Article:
For Immediate Release
*****CONSUMER ALERT*****CONSUMER ALERT*****
MADIGAN: WITH SPRINGTIME COMES HOME IMPROVEMENT PROJECTS, AND WITH HOME IMPROVEMENTS COME SCAM ARTISTS
Chicago –Attorney General Lisa Madigan today urged Illinois residents planning a home improvement project for this spring to take the necessary precautions to avoid becoming the victim of a home repair scam artist.
“Although we’re waiting for the warm weather to arrive, Springtime officially has begun and many Illinoisans are planning home improvement projects,” Madigan said. “Home repair fraud is a serious problem that affects thousands of Illinoisans each year. Consumers must be careful that the contractor they choose is reliable and the quality of work worthy of the payment,” Madigan said.
Madigan’s Consumer Protection Division received 3,025 consumer complaints in 2005 regarding home improvement issues, including complaints about contractors failing to start or complete work, excessive charges and shoddy workmanship. Construction and home improvement fraud ranked third on the 2005 Top Ten Consumer Complaints list released by Madigan’s office and consistently has ranked as one of the top three consumer complaints since 1984.
Madigan said there are certain fraudulent scenarios that should raise red flags for home owners. For instance, a consumer should always be wary of an out-of-town salesperson with no local connections who knocks on the consumer’s door and offers to do home repair work for substantially less than market price. In addition, if a salesperson going door-to-door insists that the consumer sign a contract or pay a substantial down payment on the spot, consumers should take their time and carefully evaluate the offer.
Madigan also urged consumers to beware of so-called “storm chasers,” who go door-to-door offering fraudulent deals to homeowners who are eager to clean up and repair damage to their property from winter or spring storms. For example, earlier this month, Madigan’s office received a complaint against and assisted in the arrest of a Springfield man who allegedly collected more than $500 from an elderly Jerome woman who hired him to clean gutters and power-wash her home in the wake of the devastating tornadoes that struck the Springfield area.
Madigan said the best advice for consumers to protect themselves from becoming victims of home repair scams is to request and then check references provided by contractors or to deal only with companies and individuals who have done work for friends or neighbors.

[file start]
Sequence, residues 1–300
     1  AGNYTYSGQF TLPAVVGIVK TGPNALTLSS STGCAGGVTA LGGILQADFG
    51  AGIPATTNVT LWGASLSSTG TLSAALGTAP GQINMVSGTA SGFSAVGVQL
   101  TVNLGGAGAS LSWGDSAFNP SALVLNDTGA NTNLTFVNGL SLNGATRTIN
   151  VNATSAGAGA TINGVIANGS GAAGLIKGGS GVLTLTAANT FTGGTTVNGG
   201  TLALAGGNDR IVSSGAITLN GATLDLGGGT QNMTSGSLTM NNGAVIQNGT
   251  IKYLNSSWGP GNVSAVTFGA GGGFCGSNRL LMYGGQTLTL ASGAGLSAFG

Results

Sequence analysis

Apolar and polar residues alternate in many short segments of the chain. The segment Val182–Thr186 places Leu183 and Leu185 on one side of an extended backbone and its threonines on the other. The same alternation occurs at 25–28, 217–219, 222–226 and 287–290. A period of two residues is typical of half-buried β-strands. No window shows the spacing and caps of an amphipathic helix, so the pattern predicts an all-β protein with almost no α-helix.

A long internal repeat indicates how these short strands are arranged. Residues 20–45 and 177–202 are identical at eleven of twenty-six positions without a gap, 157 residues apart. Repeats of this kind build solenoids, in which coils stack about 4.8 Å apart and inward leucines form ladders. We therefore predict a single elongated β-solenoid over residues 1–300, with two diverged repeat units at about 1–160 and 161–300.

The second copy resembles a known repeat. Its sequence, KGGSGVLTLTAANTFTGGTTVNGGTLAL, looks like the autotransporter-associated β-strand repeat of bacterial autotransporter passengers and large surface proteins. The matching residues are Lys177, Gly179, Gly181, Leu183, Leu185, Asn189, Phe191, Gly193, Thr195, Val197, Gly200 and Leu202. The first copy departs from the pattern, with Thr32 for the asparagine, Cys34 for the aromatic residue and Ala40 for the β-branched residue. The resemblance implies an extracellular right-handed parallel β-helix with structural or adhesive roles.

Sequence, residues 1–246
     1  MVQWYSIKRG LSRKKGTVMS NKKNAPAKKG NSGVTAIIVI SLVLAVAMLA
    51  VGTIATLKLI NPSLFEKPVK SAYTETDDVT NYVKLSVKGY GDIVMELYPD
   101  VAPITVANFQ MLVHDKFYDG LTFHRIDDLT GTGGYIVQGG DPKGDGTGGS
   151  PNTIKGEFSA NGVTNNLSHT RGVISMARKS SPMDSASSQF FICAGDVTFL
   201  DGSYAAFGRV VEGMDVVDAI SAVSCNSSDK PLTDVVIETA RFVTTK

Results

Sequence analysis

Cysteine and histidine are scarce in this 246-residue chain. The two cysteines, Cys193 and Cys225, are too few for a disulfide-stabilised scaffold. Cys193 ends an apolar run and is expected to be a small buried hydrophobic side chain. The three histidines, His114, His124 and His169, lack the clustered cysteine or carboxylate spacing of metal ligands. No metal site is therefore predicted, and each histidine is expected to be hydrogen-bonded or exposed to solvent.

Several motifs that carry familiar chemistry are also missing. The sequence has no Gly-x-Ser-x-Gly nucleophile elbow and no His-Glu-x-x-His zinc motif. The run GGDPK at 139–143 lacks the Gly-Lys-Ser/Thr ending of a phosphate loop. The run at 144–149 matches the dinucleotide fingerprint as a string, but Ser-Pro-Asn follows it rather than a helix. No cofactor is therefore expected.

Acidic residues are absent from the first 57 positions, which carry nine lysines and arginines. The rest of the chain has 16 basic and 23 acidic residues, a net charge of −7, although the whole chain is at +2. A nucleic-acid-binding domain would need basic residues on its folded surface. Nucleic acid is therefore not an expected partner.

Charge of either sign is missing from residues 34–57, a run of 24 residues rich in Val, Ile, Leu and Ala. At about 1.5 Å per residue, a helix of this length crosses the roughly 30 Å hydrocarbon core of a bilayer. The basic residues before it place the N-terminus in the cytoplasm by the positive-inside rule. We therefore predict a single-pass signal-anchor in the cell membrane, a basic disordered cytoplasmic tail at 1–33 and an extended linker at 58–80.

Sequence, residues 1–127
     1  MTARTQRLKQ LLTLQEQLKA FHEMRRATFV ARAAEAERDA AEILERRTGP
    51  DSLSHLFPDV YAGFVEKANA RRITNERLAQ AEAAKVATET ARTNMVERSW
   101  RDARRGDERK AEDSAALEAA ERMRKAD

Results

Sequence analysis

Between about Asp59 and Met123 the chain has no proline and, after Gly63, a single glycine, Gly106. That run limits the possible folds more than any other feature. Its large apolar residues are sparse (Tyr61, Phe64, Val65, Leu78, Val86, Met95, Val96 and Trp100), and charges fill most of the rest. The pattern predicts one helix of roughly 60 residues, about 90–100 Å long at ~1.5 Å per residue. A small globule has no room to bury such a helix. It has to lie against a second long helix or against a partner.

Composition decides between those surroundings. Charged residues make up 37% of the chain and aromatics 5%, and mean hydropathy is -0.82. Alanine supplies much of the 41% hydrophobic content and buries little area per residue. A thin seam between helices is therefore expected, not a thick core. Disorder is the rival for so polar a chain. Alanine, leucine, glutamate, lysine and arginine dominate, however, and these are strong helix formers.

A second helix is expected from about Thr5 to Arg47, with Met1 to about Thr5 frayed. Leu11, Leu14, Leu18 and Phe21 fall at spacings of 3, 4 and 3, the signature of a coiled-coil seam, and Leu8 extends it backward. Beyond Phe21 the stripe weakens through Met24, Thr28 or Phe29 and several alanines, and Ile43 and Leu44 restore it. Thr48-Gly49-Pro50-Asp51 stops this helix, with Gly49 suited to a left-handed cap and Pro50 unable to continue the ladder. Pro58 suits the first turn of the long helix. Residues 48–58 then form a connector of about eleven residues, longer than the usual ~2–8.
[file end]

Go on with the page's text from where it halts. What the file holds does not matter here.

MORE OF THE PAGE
In addition, consumers should never sign a contract that contains blanks nor make final payment until unless the work has been completed satisfactorily.
“Consumers should always be wary of contractors that knock on doors looking for customers; usually, these contractors are searching for their next victim. Consumers must not let these or other high-pressure sales tactics convince them to sign a contract or make a down payment,” Madigan said.
Madigan reminded consumers that the Illinois Home Repair and Remodeling Act requires contractors to furnish customers with written contracts for any repair or remodeling work costing more than $1,000. A contract must be signed by both the customer and the contractor.
In addition, Illinois law provides consumers with a three-day right to cancel a home repair contract if the sale of services or merchandise involves $25 or more and the contract is signed when the salesperson or contractor is physically present in the consumer’s residence. The law requires notice of the three-day right to cancel to be given both orally and as part of a written contract.
The law also requires contractors to carry minimum amounts of insurance for property damage, bodily injury and improper home repair . Contractors also must provide consumers with an informational pamphlet entitled “Home Repair: Know Your Consumer Rights.”
To find out if any complaints have been filed against a home repair company or to file a consumer complaint, consumers can call the Attorney General’s Consumer Fraud Hotline at one of the following numbers:
Chicago: 1-800-386-5438 and 1-800-964-3013 (TTY)